Report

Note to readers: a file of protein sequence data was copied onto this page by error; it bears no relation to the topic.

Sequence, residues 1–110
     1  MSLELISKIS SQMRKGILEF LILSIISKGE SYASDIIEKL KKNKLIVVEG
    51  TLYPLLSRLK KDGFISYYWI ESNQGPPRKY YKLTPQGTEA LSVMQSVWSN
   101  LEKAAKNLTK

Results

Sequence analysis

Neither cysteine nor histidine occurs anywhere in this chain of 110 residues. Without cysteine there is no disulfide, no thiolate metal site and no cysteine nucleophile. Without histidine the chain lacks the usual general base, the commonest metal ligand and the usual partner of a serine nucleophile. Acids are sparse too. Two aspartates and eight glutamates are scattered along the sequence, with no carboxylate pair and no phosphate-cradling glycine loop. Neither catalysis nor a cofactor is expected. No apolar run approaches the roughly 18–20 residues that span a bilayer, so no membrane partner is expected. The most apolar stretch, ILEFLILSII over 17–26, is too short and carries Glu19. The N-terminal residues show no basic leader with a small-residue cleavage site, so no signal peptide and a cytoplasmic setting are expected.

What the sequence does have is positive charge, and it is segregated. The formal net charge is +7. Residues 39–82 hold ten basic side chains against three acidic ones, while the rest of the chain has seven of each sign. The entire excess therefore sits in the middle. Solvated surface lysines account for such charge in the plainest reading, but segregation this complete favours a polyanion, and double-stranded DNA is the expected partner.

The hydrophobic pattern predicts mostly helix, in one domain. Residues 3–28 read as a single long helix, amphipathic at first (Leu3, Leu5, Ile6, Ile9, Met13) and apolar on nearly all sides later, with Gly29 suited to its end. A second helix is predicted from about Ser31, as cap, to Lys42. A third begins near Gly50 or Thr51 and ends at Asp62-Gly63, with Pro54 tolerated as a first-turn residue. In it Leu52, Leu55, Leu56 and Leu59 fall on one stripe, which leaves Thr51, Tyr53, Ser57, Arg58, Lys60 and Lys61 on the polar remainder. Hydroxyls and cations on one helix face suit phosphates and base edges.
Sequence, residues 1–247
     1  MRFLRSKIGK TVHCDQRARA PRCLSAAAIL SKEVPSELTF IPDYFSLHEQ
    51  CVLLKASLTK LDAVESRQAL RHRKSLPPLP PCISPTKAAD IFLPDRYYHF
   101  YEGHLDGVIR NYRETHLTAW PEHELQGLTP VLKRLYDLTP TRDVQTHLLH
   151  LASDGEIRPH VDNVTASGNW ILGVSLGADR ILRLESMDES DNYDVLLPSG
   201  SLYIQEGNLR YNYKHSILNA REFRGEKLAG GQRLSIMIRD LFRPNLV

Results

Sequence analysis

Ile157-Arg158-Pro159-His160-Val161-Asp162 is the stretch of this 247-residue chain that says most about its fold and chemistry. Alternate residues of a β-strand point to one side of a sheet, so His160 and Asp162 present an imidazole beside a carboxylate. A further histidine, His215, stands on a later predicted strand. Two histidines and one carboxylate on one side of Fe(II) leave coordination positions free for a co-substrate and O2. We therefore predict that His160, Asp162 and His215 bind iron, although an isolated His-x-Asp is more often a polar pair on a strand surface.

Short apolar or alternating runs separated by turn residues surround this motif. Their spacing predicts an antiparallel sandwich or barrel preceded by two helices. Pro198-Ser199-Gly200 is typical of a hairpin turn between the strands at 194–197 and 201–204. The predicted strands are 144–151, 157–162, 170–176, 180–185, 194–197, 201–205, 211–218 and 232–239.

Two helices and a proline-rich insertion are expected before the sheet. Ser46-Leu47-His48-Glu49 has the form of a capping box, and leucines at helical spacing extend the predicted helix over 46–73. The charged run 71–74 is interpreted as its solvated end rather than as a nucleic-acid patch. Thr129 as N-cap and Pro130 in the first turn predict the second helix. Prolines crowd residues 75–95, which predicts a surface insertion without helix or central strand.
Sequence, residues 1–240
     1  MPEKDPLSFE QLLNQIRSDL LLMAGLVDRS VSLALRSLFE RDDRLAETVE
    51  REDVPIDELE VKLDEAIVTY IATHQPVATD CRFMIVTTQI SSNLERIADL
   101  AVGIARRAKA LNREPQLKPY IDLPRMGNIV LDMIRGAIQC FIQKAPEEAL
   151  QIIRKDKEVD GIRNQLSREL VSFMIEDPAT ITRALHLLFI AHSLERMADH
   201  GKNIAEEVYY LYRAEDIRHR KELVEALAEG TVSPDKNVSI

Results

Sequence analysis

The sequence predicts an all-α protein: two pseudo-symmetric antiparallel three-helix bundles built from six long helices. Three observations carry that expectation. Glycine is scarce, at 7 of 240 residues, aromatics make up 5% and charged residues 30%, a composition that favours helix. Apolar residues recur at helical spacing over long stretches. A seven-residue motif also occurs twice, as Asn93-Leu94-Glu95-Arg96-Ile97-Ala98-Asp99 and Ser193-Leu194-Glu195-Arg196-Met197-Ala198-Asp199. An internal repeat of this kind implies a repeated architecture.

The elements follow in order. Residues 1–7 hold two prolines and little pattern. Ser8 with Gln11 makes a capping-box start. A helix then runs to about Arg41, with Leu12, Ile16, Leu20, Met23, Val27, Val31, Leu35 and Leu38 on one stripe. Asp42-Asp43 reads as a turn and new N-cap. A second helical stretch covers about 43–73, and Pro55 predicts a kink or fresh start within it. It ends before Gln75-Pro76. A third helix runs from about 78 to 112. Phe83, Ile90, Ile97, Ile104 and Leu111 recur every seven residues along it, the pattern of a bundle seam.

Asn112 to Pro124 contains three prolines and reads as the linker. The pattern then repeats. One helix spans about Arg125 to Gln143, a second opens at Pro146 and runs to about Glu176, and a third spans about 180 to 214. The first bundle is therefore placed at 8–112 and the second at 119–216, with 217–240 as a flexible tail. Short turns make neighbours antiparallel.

2011 SME Annual Meeting Modeling Atmosphere Composition and Determining Explosibility in a Sealed Coal Mine Volume Jianwei Cheng, Graduate Research Assistant Yi Luo, Associate Professor Department of Mining Engineering West Virginia University Presentation Outline Introduction Time-dependent Composition change model for sealed atmosphere Explosibility Triangle Model Demonstrations Conclusions WVU MINE 2 Introduction Sealing mined-out areas is a common practice to reduce ventilation requirement Critical time period for a sealed area: gas composition goes through the lower and upper explosion limits Injection of inert gas (N2 or CO2), if needed, could short the critical period WVU MINE 3 Introduction The atmosphere in the sealed areas should be well managed to ensure mine safety Things to know…… Atmosphere composition (volumetric concentration of various gases) at any given time Changing pattern of the atmosphere composition Exposibility of the atmosphere ……. It is better to know in advance for a better plan! WVU MINE 4 Introduction Research objectives Development of a mathematical model to simulate the time-dependent atmosphere composition in a sealed mine area. Expand Coward method in defining the explosibility triangle to include more but common combustible gases Development of a computer program to facilitate the application of both the gas composition simulation model and determination of the explosibility. WVU MINE 5 Time-dependent Composition change model for sealed atmosphere Common combustibles in a sealed area Considering gas explosion and coal oxidation: The byproduct gases includes CO2, CO, and CxHy In coal mine, products of slow oxidation, fires or explosions could produce C2H2, C2H4, and C2H6. WVU MINE 6 Time-dependent Composition change model for sealed atmosphere Composition change model The change of gas composition in a sealed volume is controlled by many independent variables : inflow of methane inflows of other combustible gases air leakage in and out inert gases injected change in atmospheric pressure (Pv) ….. These factors should be considered in the mathematical model WVU MINE 7 Time-dependent Composition change model for sealed atmosphere Combustible gases inflow Vg Inert gas inflow Vi Sealed Volume V V= VCH4+VCO+VH2+VC2H2+VC2H4+VC2H6+VCO2+VN2+Vo2 Gas leakage outflow If Pt > Pv Air leakage inflow if Pt < Pv WVU MINE 8 Time-dependent Composition change model for sealed atmosphere The law of mass conservation t M t M 0 Mdt 0 The ideal gas law PV mRgT Depending on the relationship between the barometric pressure(Pv) and the pressure in sealed volume (Pt). Pt <Pv Pt >Pv Ingassing . outgassing WVU MINE 9 Explosibility Triangle Coward Explosibility Triangle A method to determine the explosibility of the mixture of air and combustible gases developed by Coward in 1952. Only considers three common combustible gases (CH4, CO and H2). Explosibility triangle defined by three characteristic points Lower flammable limit Upper flammable limit Nose limit. Explosibility depends on the percents of the combustible gas, oxygen and inert gases. Shows five distinctive zones WVU MINE 10 Explosibility Triangle WVU MINE 11 Explosibility Triangle Generating the resultant Coward triangle Considering an air mixture with three combustible gases of CH4, CO and H2. The characteristic points are based on each individual flammable limits: WVU MINE 12 Explosibility Triangle Example: WVU MINE 13 Explosibility Triangle WVU MINE 14 Explosibility Triangle Expanded Coward explosibility triangle Why do we need to expand the triangle? Low temperature oxidation of wood and coal in sealed area would likely occur to produce various hydrocarbon gases Due to the large explosive range for hydrocarbon gases, their presence could significantly change the explosibility of the air-gas mixture. The Coward triangle can be expanded to include more combustible gases as long as the characteristic points of these combustible gases are known. WVU MINE 15 Explosibility Triangle Three more hydrocarbon gases, acetylene (C2H2), ethylene (C2H4) and ethane (C2H6) are incorporated in addition to the original CH4, CO and H2 . WVU MINE 16 Explosibility Triangle A sample taken from a sealed area yields the mixture composition as follows: CH4: H 2: CO: 5.3% 2.00% 3.00% C 2H 2: C 2H 4: C 2H 6: 4.00% 0.50% 0.40% CO2: N 2: 17.00% 57.80% O2 : 10% WVU MINE 17 Program development A computer program is developed in MathCAD ® environment to model the atmosphere composition in an sealed mine area. A Visual Basic program has been developed to implement the expanded Coward explosibility triangle method. WVU MINE 18 Model Demonstrations Case 1 To find out the time needed for the sealed area to pass through the critical period Outgassing condition Initial Condition: ○ CH4: 0.66%; N2: 78.68%; O2: 20.6%; CO: 1ppm; CO2: 0.06%; ○ The sealed volume is 1,000,000 m3 ○ 0.25 m3/s CH4 inflow rate ○ No N2 injected ○ The coefficient leakage 0.003 m3/s/Pa1/2 ○ The environment temperature is 20℃. WVU MINE 19 Model Demonstrations Different compositions change over time CH4, N2, O2 and CO2 WVU MINE 20 Model Demonstrations Explosbility Diagram Non-explosive at beginning. Time step of 1 days. Explosive between the second and the seventh day. Need seven days to become non-explosive itself. WVU MINE 21 Model Demonstrations Case 2 To check the effectiveness of N2 inertization, Ingassing condition Initial Condition: ○ CH4: 3.77%; N2: 80.61%; O2: 11.3%; CO2: 0.31%; CO: 721ppm; ○ ○ ○ ○ ○ C2H2: 24ppm; C2H4: 77ppm; C2H6: 50ppm; H2: 39228ppm. The sealed volume is 1,000,000 m3 1 m3/s CH4 inflow rate 50m3/s pure N2 injected. The coefficient leakage 0.003 m3/s/Pa1/2 The environment temperature is 20℃. WVU MINE 22 Model Demonstrations Different compositions change over time CH4, N2, O2 and H2 WVU MINE 23 Model Demonstrations CO2 and CO WVU MINE 24 Model Demonstrations Explosbility Diagram Explosible at beginning. Time step of 0.24 hours. The explosibility triangle shrinks. The actual mixture point moves toward the lower edge of the triangle after 7 hours . WVU MINE 25 Model Demonstrations Double check using the USBM explosibility diagram. Based on the 6th hour data. (Calculated Ratio = 0.59) WVU MINE 26 Conclusions A time-dependent mathematical model to simulate the composition change in the sealed volume has been developed based on the law of mass conservation and the ideal gas law. It provides a useful tool for us to understand the behavior of the sealed volume. The original Coward method is also expanded to consider the hydrocarbon gases in drawing the explosibility triangle so more accurate explosibility assessment can be made. A computer program to incorporate the atmosphere composition model and the expanded Coward method has been developed. WVU MINE 27